2013 Annual Report
1a.Objectives (from AD-416):
To develop an efficient protocol for doubled haploid production in sunflower that can be adopted by seed companies with modest laboratory facilities and personnel with some training in tissue culture techniques.
1b.Approach (from AD-416):
A postdoctoral research associate, hired by North Dakota State University, Department of Plant Sciences, will conduct the research in collaboration with the ARS Principal Investigator who serves as the Research Coordinator. Under the research plan, two approaches will be undertaken simultaneously by the postdoctoral associate, both approaches having precedents in other crops. (1) A protocol will be developed for doubled haploid production by extraction of anthers from sunflower florets at an optimum stage of development and the optimum tissue culture media and environmental conditions will be determined for induction of embryos, germination to plantlets, chromosome doubling, confirmation of haploid production, and growth to a mature, homozygous plant. (2) The potential for sunflower haploid production by fertilization of sunflower ovules with foreign pollen will be explored. Potential sources of foreign pollen will be identified from the family Compositae, but outside of the genus Helianthus, and tested for their ability to induce haploid production in sunflower. Special attention will be given to foreign pollen sources that are easy to grow, maintain, and have prolific pollen production. Optimum tissue culture conditions for growth of fertilized embryos to mature plants will be determined.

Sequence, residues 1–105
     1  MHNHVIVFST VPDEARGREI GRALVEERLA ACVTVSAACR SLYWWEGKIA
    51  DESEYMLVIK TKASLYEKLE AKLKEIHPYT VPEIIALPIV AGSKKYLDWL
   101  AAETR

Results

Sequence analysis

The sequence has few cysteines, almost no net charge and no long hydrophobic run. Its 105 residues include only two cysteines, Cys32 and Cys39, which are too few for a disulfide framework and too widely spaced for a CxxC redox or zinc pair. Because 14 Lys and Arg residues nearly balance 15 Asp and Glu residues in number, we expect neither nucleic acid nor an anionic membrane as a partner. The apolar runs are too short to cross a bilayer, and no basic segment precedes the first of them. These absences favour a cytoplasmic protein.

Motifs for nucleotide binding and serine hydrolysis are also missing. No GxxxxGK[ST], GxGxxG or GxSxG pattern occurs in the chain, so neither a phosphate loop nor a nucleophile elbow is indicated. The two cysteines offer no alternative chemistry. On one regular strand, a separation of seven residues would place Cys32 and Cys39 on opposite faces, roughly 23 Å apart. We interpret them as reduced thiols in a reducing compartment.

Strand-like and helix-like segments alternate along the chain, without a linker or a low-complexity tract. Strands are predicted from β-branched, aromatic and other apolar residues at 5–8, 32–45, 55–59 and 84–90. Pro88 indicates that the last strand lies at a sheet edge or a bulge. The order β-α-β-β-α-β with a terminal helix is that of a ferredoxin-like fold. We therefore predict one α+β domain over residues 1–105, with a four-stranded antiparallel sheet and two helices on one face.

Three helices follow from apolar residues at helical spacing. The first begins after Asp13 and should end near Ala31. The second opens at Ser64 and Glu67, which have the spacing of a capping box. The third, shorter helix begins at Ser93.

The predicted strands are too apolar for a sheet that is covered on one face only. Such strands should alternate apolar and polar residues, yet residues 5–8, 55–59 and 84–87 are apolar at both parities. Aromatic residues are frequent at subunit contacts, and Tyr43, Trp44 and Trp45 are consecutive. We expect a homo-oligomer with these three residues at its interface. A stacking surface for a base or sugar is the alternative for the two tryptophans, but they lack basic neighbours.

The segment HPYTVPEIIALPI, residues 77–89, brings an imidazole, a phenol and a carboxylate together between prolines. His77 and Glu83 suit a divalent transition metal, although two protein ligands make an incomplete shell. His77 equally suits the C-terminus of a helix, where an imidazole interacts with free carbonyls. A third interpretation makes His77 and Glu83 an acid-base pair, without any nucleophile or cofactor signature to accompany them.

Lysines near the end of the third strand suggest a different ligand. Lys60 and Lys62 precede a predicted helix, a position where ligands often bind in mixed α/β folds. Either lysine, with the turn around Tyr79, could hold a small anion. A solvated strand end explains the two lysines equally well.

Eight inbred lines and 18 wild species were used as donor materials for an anther culture approach. Anthers with light yellow-white color were dissected and cultured on callus and embryoid inducing media, which have proven successful for inducting embryos. Various concentrations and combinations of cytokinin and auxin were tested for shoot regeneration, including BAP (0.5-1.0 mg/l), NAA (0-0.5 mg/l) and kinetin (0-0.5 mg/l). Additionally, activated charcoal was added to the medium for testing. The same inbred lines and wild species were also used for microspore culture. Immature buds or inflorescences were surface sterilized with bleach and rinsed with sterilized dH2O, and then a 0.3 M mannitol solution was used to release the microspores. The ground mannitol slurry was filtered in sequence through a size 60 steel mesh, 80 µm nylon filter, and 30 µm nylon filter, respectively. After centrifugation, the pellets were combined and re-suspended in a 0.3 M mannitol solution. A 1.0 M maltose solution was used for microspore isolation. The isolated microspores were then mixed with a liquid culture medium and kept in an incubator without light at 32 oC for 3 days and then move to another incubator without light at 24 oC for 4 to 6 weeks. Various basic media and plant growth regulators of different concentrations and combinations were evaluated. Embryo inducer, 2-HNA, (2-hydroxynicotinic acid) was also incorporated in the culture medium during the experiment. Meanwhile, 0.5 g/l activated charcoal was also added to the culture medium to examine its effect on microspore culture. As a result, MS medium with 0.5 mg/l 2, 4-D and 0.5 mg/l BAP and 0.5g/l activated charcoal worked better for line RHA274 than other medium and other plant materials. Some embryo-like structures were observed. The approach of irradiated pollen haploid induction was recently added to the project. The plan is to use nmsHA89, nmsP21, and cmsHA89 as female parents, and to use selected USDA maintainer and restorer lines as the pollinators.